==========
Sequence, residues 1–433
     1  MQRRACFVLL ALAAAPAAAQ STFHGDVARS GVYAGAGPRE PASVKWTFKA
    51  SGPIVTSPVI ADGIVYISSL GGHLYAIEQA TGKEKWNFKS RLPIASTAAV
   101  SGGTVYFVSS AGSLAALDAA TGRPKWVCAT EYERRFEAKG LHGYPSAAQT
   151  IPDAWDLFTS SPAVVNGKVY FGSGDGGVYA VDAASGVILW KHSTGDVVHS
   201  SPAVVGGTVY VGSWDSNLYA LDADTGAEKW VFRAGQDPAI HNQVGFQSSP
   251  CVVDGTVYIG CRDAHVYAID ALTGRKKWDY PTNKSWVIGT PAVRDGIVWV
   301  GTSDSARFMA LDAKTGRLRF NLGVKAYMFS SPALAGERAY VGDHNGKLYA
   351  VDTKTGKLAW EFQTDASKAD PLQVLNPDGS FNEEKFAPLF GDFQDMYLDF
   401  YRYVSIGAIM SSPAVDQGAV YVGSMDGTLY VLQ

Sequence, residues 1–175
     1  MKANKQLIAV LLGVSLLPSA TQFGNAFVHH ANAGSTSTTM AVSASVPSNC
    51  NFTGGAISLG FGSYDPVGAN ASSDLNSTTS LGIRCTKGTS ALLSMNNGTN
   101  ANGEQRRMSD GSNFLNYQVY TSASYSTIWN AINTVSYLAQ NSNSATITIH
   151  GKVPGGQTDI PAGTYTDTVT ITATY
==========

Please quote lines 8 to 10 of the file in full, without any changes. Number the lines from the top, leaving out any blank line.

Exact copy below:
   301  GTSDSARFMA LDAKTGRLRF NLGVKAYMFS SPALAGERAY VGDHNGKLYA
   351  VDTKTGKLAW EFQTDASKAD PLQVLNPDGS FNEEKFAPLF GDFQDMYLDF
   401  YRYVSIGAIM SSPAVDQGAV YVGSMDGTLY VLQ